A Lot or a Little?
What you will—and won't—find in this TV show.
It discusses the mining of manganese from the ocean seabed from a very pro-environmentalist point of view. The environmental, economic, and political impact of society’s reliance on technology is also discussed, as are the solutions to this problem. The metal recycling efforts in Germany are highlighted.
Positive Role Models
The featured scientists are German, but all are committed to doing environmental impact research. They don't all agree on the solutions, however.
Violence & Scariness
Brief images of mining blasts. Brief scenes of, and conversations about, people living in dire poverty, impacted by environmental crises, and other troubling topics are also discussed.
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Products & Purchases
The Volkswagon logo is visible on futuristic cars. The logo for Geomar Helmholtz Centre for Oceanology Kiel is on shirts.
Parents Need to Know
Parents need to know that Gold Rush In The Deep Sea is a documentary about a science team who researches the impact of seabed manganese mining on the ecosystem. It's informative, but raises some difficult questions about how we think about humanity's consumption of technology, as well as other issues relating to the economic and social implications of finding alternatives for ore mining. Most of the presentation features documentary footage, but the beginning and end of the show feature fictional images and narrations set 60 years into the future.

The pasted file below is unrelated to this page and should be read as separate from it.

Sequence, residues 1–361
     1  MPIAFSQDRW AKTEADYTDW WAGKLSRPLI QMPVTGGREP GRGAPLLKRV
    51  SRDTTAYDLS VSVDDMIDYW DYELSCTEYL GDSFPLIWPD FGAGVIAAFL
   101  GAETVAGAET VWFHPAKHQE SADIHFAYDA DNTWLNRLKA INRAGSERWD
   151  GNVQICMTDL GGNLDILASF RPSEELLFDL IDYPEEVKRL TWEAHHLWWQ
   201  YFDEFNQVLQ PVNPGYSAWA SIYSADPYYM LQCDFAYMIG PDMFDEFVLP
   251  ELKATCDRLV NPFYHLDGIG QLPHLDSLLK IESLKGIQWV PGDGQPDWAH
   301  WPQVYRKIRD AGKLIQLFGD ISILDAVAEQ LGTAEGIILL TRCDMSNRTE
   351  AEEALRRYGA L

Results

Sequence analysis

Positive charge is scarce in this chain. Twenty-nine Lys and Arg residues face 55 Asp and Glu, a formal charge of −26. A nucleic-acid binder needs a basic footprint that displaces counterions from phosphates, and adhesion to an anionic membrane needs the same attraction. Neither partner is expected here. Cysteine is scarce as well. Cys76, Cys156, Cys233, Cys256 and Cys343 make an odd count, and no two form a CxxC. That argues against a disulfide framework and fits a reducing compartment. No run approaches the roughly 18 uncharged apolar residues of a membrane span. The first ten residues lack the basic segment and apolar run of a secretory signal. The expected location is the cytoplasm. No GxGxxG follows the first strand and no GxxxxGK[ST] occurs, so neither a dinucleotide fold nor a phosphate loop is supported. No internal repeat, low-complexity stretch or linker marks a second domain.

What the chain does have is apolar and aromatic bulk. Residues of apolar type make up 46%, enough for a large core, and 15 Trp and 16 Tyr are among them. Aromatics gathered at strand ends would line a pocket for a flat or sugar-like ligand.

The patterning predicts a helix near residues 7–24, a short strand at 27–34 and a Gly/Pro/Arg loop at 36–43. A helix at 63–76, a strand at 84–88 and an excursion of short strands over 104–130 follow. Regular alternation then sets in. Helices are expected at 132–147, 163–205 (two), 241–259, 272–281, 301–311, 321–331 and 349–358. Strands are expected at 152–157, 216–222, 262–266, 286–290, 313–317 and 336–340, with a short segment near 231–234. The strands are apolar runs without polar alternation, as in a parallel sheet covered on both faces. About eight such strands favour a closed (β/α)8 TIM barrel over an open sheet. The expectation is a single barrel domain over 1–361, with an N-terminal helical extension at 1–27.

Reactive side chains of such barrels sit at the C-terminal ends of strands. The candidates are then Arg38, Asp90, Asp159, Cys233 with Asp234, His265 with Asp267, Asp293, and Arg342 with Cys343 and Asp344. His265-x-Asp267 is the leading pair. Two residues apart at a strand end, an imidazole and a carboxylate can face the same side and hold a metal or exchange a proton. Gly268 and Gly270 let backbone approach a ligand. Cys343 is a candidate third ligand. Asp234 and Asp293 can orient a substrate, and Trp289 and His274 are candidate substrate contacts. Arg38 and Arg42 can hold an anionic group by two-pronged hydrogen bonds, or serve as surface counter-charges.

Is It Any Good?
This interesting German program (which is in English) combines elements of fantasy and documentary to tell a story about seabed mining research from a decidedly pro-environmental point of view. The narrator, who is speaking from 60+ years into the future, introduces the scientific work of the Geomar Helmholtz Centre for Oceanology Kiel research team as a project from the past, and uses its findings as a way of raising important questions about how society thinks about the environmental consequences the continual demand for things like cell phones, TVs, and computers is having on our planet. Also questioned are the solutions being used to alleviate the impact of this phenomenon, many of which are short-term and cause other types of harm to the global ecosystem. But the stance Gold Rush In The Deep Sea takes on manganese extraction is far from objective, thanks to offering a fictitious, but uncomfortable, look at what the resulting ecosystemic decay from the work will be like in 2077. It's a unique way of approaching the subject matter, but one that never loses sight of the fact that we are dealing with a very real, long-term crisis for which there are currently few answers.
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